A Perfect Castle
One of my greatest weaknesses are castles. Ruined or restored, I adore them. One of my all-time favorites is Burg Eltz.
Unlike many other castles, it’s been in the same family for over 850 years. 850 years! It was never destroyed. Never fell into ruins. And though I always love a good ruin, the chance to see untouched medieval architecture… Actually, while that’s all true, the real reason I was dying to see Burg Eltz was because I’d decided to set a good portion of a novel there.
Questions were whirling around my mind – all those tiny little details that the internet wasn’t quite capable of answering. What did it feel like to cross the bridge, to climb the stone stairs, to stand in the courtyard? Did the rooms feel small? Large? How much light filtered through the windows? How on earth did they manage to heat it?
But above all, I wanted to know: how many escape routes could I pick out?
We parked the car and walked to the castle along a long, twisting path through the woods. A deep dark woods. It wasn’t hard to imagine Little Red Riding Hood skipping down the path or the Big Bad Wolf lurking behind a tree. Even a gingerbread house complete with a witch wouldn’t have seemed out of place.
You arrive by foot and, as you come around the final bend of a forest path, it rises upward from a large rock, surrounded on three sides by the Eltzbach River.
A long, arched stone bridge carried us over the river and through a gate. There was an outer courtyard complete with serpent water spouts and an inner courtyard that appeared to be its own village. Turrets. Half-timbered sections. And that was only the outside.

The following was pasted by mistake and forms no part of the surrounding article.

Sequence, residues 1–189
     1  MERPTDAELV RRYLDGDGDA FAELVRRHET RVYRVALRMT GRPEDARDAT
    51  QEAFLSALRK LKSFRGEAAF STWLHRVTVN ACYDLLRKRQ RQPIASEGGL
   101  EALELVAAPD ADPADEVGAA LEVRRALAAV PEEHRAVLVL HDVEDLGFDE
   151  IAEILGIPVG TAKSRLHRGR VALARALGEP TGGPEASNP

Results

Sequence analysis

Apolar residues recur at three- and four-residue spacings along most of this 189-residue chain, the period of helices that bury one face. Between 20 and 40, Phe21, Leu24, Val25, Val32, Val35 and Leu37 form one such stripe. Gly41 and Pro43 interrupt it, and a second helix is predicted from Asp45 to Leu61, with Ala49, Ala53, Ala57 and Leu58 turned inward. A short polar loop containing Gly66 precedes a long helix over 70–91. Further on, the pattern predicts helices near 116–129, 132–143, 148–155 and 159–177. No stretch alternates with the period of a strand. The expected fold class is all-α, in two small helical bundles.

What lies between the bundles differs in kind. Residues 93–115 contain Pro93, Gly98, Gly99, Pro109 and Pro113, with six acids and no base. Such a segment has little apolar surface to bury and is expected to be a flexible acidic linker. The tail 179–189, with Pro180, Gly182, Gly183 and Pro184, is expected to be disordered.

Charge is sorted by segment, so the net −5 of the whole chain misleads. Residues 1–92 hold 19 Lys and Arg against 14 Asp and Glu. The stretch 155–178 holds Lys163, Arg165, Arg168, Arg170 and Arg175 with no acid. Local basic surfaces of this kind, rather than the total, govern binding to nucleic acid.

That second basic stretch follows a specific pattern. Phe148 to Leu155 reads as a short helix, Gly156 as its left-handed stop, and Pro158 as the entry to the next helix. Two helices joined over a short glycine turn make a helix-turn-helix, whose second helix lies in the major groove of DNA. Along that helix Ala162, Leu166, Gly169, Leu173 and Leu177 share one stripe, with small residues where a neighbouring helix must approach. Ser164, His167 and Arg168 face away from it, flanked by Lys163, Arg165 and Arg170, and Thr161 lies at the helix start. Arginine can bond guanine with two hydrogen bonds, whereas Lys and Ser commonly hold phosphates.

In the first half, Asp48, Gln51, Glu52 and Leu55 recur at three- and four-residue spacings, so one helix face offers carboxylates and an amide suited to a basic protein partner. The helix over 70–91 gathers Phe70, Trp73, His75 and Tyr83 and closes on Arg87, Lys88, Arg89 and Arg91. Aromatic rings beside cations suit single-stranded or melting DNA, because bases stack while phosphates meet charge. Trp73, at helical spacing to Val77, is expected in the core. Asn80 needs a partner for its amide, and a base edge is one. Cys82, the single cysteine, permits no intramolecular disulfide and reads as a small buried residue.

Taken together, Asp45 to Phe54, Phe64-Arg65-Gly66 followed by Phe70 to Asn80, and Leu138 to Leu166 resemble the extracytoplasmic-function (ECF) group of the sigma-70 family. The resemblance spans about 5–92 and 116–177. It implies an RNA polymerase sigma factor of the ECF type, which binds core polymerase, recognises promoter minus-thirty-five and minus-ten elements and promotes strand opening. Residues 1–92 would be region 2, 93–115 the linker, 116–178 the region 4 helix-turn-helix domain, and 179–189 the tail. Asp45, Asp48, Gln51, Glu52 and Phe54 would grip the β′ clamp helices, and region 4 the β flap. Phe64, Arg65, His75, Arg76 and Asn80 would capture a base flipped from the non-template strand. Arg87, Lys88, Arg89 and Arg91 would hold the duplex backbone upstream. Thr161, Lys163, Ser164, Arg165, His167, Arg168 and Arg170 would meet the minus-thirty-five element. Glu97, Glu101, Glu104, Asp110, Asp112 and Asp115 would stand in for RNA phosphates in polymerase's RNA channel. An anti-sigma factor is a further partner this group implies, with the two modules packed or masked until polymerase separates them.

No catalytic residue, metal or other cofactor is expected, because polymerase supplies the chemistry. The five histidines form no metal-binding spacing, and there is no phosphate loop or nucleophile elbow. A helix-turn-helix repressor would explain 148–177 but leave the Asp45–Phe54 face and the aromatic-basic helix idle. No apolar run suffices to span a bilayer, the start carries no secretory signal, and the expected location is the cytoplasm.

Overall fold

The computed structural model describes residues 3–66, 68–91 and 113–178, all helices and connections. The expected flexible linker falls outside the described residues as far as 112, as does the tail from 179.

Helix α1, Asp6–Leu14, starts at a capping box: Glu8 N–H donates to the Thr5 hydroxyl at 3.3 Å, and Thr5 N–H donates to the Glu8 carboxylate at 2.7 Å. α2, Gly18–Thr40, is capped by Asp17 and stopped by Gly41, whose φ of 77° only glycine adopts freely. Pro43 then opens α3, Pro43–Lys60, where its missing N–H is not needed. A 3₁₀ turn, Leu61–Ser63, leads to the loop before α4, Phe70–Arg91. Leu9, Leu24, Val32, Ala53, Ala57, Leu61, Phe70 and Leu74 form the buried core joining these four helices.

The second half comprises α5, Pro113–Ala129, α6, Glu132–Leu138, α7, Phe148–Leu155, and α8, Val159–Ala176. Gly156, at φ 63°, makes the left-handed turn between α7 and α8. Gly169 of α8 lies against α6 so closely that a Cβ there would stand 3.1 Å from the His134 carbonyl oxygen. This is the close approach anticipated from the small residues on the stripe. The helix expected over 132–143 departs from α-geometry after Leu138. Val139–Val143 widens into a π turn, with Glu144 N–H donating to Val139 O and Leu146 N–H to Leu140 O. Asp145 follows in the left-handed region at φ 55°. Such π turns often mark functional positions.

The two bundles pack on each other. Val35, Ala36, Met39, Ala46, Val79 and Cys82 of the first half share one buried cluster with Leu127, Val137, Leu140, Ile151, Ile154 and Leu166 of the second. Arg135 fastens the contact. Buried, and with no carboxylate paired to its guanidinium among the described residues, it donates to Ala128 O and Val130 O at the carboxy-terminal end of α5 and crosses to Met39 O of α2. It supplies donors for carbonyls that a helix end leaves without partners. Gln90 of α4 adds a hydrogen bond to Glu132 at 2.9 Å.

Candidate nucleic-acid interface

Unfortunately, I can’t show you the inside here. Photography was forbidden. But the rooms on the tour were amazing. Dark wooden beams supported the ceilings. There was armor. Weapons. Murals. Tapestries. Treasure. And fireplaces big enough to stand in.
Oh, and a ghost named Agnes who died defending her honor against an unwanted suitor.
The castle couldn’t have been more perfect.
Well, okay. The tour wasn’t perfect. I really, really wanted to climb into the turrets and look for Rapunzel, but the guide had a close eye on us. (Okay, me. In my curiosity, I might have gotten a little too close to some of the artifacts.)
As we hiked back to the 21st century, even my boys agreed that any one of the princes or princesses from the stories of the Brothers Grimm would feel right at home in Burg Eltz. And though we would go on to visit a grand total of ten castles on our trip to Germany – and though I entered each with no expectations – none were ever quite able to match the magic of this castle.
***The Silver Skull is set – mostly – in Germany and in a fictionalized version of this castle.
Though USA TODAY bestselling author Anne Renwick holds a Ph.D. in biology and greatly enjoyed tormenting the overburdened undergraduates who were her students, fiction has always been her first love. Today, she writes steampunk romance, placing a new kind of biotech in the hands of mad scientists, proper young ladies and determined villains.
Anne brings an unusual perspective to steampunk. A number of years spent locked inside the bowels of a biological research facility left her permanently altered. In her steampunk world, the Victorian fascination with all things anatomical led to a number of alarming biotechnological advances. Ones that the enemies of Britain would dearly love to possess.
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